One Pin To Rule Them All

When Maxim acquired Dallas Semiconductor, they took over the popular 1-Wire product line. These are sensors that get power and bidirectional data over the same pin. However, we never liked the name 1-Wire as you really need two wires: one for the power and data and, of course, a ground wire. A new startup company, Cyclopia, has announced their latest line of truly one pin CPUs, and we’re impressed. The low power system on chip devices multiplex data, power, clock, and ground on one wire.

A company spokesperson, [Star Lipfir], noted, “Our patent-pending technology uses two well-known effects. First, a FET gate doesn’t actually draw current but works on an electric charge. Second, capacitors store charge.”

Apparently, the external system drives the CPU by sending an intermittent ascending ramp voltage over the single wire. The charge enters both a ground storage capacitor and a power capacitor. When the voltage ramp reaches a certain threshold, a FET turns off, isolating the ground storage capacitor. The power capacitor continues to charge until there is enough potential difference between the two capacitors to operate the circuitry (see chart, right). The ramp then goes to zero which allows the CPU or the external system to communicate during the time before the next ramp begins.

[Lipfir] continues, “The great thing is that the ramp sets the clock speed and with one wire, you can connect as many CPUs together as you need. This really simplifies board layout and cuts down on traditional ground plane issues.” Of course, adding too many processors to the same line will make programming more difficult.

A company insider mentioned that as a homage to the Dallas tradition, they had considered naming the devices “0-wire.” However, they decided against it as it would conflict with the company’s upcoming line of true zero wire devices, due out about this same time next year.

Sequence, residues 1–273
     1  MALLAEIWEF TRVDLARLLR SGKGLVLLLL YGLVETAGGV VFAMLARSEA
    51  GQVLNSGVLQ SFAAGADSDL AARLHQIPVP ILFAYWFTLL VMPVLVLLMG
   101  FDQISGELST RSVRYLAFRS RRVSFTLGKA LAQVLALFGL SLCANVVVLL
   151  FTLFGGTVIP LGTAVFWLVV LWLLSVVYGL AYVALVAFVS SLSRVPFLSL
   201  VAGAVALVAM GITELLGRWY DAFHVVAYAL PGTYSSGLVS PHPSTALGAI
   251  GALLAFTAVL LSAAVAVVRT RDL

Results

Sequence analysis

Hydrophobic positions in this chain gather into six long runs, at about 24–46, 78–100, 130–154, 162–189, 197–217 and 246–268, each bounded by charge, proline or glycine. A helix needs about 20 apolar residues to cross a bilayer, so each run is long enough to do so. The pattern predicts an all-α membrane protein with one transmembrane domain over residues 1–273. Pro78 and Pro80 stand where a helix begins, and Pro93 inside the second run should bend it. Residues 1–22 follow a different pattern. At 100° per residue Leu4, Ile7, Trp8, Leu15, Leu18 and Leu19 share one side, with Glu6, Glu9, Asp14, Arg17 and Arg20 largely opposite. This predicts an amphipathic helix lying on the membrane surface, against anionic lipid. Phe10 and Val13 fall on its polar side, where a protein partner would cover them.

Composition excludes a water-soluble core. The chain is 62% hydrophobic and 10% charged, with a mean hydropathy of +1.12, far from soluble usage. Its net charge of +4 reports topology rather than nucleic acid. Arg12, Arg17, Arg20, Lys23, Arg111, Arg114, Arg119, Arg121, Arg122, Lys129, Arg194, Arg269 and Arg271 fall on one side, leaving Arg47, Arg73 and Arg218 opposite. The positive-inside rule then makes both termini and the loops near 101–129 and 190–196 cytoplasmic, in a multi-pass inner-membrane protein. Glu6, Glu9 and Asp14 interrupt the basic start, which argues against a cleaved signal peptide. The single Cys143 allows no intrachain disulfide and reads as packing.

91 thoughts on “One Pin To Rule Them All

    1. The new HaD tradition should be un-jokifying april fools pranks by making them actually work somehow. Is there a lawyer in the house? Somebody incorporate Cyclopia and draw up the patents. We have a year to get this done.

  1. In all seriousness, this isn’t much beyond what I saw many years ago, at an air traffic control RADAR site. The RADAR system was housed in a box about the size of a 20-ft trailer, sitting maybe a quarter mile from the runway at an Air Force base. The surprising thing about it, was that the only thing that connected it with the control tower was a piece of RG-8 coax. This supplied both power and synchronizing signals from the tower, where the power supply was, and in return, RADAR video back to the tower, where the display ‘scopes were.

    1. Any sizeable radar system probably has an integrated power generator. I doubt a single RG-8 coax could supply enough kilowatts to keep a radar system running without turning into smoke.

        1. I’m sceptical about that too. I would expect that such a RADAR would be in the kW power range which would be pushing it for an RG8. The other thing is that I’m surprised there is no redundancy, if your link is cut you loose the whole system.

          1. Well, we’re solidly into April 2 now, and still I say, I’m serious. What you may not understand is how much power is necessary for pulsed RADAR. I worked on long-range systems that operated with 2-5 megawatt pulses. That’s PEAK power. Due to the very low duty cycle (you send out a pulse of a few microseconds, you wait several MILLIseconds for the returns, for duty cycles in the 10^-3 range), the average power needed is low. The 250-mile systems I worked on used average powers of less than 10 kW For a 20-mile system at an airport, used only for controlling aircraift on approach and departure, keeping in mind the square-law power requirement for transmitted power, the average power is in the TENS of watts. I’ve seen RG-8 used for hundreds of watts.

          2. Sorry Jim, didn’t mean to come off as accusing you of not knowing what you were on about, just surprised about your claims and wondering how it could be so. Thanks for the information :)